It’s now the end of April, 2018. I don’t know how.
Pedal Powered Anthropology is plugging along, and I can’t believe how it’s taken off.
Looking back at my post on the end of 2017, I’ve kept fairly well within expectations, and honestly…pretty well beyond expectations in many cases.
The Mill Project, as it was called at the time, is now a full-length documentary, entitled, Rhode Island’s Industrial Revolution: The Rise and Fall of an Empire. Most of you who are aware that Anthrospin exists are already well aware of this project. It’s been published to DVD, screened at a variety of venues (museums, libraries, bike shops), with more screenings in the works.
It’s also been purchased by local historical societies and libraries, and will soon be and/or is available to borrow from the West Warwick and Providence Public Libraries.
Anthrospin now has a web store, at anthrospin.bigcartel.com. So far it’s just the DVD and a Skull and Crankset logo sticker. But public screenings and web store sales have made 2018 far more exciting that I could have ever expected–Pedal Powered Anthropology is now completely self sustaining!!
That’s right. One of my goals for 2018 was to figure out a way to generate money from/for Pedal Powered Anthropology. With the publishing of the DVD, that’s happened. It’s not bringing in a ton of money, but it’s been slowly paying for the equipment I’ve already purchased (from cameras to voice recorders, to logo-printed DVDs and a DVD duplicator). As of this week (today is 4/24/2018) it has generated enough money to purchase a major camera upgrade.
Part of the point of Pedal Powered Anthropology is that YOU can do this, too. In all of my projects I include all of my research sources, and also tell you what I used to film and record and edit everything. I want this to be accessible. So while this camera is a massive upgrade, it’s not professional level equipment. I don’t want a $5,000 camera that produces stuff that my audience feels detached from.
I’m going for polished but relatable. I think I’ve mostly achieved that. But my previous interviews and some other shorts that you can see in the bonus material of the DVD are filmed on a home camcorder. It’s “fine,” but the images can be kind of grainy, the color balance is tricky, it has awful battery life, and the auto focus is more a random focus that’s automatically triggered. It also films at a frame rate that is too low for my editing software and I have to convert it using QuickTime.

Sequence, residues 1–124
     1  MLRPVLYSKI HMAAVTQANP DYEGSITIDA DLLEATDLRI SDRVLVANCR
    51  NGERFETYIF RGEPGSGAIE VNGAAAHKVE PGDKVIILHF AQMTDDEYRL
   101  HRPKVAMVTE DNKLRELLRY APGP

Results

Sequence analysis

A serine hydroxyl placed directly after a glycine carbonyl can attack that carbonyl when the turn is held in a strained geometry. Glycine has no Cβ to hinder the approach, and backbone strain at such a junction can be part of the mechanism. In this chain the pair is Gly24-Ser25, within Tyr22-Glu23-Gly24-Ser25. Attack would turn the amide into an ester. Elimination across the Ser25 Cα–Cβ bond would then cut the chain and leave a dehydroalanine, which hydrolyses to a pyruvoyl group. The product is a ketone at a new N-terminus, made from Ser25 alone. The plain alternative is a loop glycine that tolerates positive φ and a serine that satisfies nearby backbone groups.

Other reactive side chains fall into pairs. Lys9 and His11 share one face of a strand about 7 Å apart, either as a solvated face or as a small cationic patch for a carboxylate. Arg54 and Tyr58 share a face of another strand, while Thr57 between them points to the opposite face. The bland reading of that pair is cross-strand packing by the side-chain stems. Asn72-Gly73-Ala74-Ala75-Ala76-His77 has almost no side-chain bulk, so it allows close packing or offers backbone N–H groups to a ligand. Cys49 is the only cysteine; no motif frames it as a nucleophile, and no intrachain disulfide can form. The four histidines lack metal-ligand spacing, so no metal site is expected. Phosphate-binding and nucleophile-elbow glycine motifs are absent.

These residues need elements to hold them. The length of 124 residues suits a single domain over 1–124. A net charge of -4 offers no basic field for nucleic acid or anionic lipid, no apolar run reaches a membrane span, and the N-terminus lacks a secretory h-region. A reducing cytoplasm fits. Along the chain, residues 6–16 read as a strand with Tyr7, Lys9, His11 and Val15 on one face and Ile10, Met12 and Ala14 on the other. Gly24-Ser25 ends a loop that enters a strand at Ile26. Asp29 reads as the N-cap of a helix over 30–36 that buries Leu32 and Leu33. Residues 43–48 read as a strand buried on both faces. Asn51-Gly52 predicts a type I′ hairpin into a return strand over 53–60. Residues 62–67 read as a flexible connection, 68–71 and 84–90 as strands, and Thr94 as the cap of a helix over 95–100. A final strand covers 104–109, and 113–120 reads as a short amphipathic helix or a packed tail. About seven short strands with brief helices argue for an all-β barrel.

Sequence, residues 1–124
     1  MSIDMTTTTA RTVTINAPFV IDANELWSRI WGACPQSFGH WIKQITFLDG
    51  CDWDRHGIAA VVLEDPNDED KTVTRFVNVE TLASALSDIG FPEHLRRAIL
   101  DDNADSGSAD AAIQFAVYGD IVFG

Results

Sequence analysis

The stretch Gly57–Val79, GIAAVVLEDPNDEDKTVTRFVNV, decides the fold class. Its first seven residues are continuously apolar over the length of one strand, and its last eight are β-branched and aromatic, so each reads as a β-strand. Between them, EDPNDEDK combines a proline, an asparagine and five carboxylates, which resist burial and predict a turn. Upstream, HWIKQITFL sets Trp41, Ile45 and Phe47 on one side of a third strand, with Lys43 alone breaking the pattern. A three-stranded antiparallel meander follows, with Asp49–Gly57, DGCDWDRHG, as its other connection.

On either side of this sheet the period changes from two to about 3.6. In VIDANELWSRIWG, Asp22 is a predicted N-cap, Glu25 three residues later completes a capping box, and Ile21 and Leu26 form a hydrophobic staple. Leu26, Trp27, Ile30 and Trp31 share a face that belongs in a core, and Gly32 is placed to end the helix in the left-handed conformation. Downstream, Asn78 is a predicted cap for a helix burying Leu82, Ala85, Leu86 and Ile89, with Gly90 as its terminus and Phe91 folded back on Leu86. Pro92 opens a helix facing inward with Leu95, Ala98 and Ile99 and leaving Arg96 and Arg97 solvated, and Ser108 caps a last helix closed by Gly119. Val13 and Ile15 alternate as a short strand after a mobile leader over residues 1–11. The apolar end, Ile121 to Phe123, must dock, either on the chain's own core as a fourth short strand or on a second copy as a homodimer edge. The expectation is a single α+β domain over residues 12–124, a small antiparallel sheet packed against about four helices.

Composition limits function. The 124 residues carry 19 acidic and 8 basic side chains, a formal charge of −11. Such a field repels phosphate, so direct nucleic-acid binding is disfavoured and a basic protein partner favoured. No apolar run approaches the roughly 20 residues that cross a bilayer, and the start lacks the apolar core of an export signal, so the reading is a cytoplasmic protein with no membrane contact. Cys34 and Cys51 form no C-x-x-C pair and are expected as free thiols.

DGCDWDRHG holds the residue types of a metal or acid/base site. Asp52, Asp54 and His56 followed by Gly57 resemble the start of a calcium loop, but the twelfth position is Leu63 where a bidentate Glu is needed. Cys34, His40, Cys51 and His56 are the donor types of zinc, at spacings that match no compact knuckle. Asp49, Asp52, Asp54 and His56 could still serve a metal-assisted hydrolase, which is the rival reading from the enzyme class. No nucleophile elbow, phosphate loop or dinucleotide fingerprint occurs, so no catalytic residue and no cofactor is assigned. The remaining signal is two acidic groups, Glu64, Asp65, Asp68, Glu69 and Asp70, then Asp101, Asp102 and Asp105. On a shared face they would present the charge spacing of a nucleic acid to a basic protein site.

It was like $100. It was fine for what it was, but I’m very excited to be upgrading. It’s needed, and this upgrade will stand for the foreseeable future.
Going back to my projections for this year, I wanted to make at least one guest-speaking appearance. I’m not sure if this was posted before or after, but that’s certainly been accomplished. I’ve been a guest speaker at a Visual Anthropology class at Rhode Island College, and the public screenings have also been pretty interactive and I’m happy to say that I’m becoming a lot more at home with off-the-cuff Q&A at this point.
Which has translated into me saying “um” a lot less when I’m recording. Which then translates into my editing process being streamlined.
My Four Fields videos are all recorded. Only two–Biological Anthropology and Archaeology–as well as a third that’s as an intro to anthropology as a whole are posted. Sociocultural and Linguistic Anthropology are still being edited.
I also reshot my first project, on the Gaspee Affair, now that I’ve gotten a lot better at filming and editing, and am not just shooting with my phone and a selfie stick.
I also can officially say that the National Parks collaboration is coming to fruition. I’ve partnered with the New Bedford Whaling Park (and by extension, the Whaling Museum) to work on a project on the whaling era and scrimshaw art. I haven’t yet started filming it, but I’m organizing and setting up interviews and drafting outlines and getting a rough idea of how I want it to go.
As of now, it’s entitled, Scrimshaw: A Whaling Story, and it will focus on whaling, from pre-industrial whaling in First Nations/Native American peoples, through the whaling era into the fossil fuels era. It will be an exploration of modernization and the transformation of the New England Region and inevitably the entire world while looking at the concepts of identity and environmental sustainability.
I intend to start filming interviews within a week of getting a hold of my new camera.
Once that is started, outlining for a major project on the Underground Railroad will be starting, and for that one, I’ll need a new bike. I’ll fill you all in on that as it makes sense to (read: as I have any idea what’s going on with it)
As I’m typing this, I’m really kind of taken aback at how much of an impact my work is having. I’ve been really moved by the amount of support I’ve received and the amount of excitement surrounding Anthrospin. I’m just an anthropology and cycling nut who wanted to share the things I’m excited for. Apparently I’m not the only one excited for it. So thank you all for that, and keep sharing, commenting, and liking my content. As more people see this, I’ll be able to produce more and more content. And that’s really the best thing.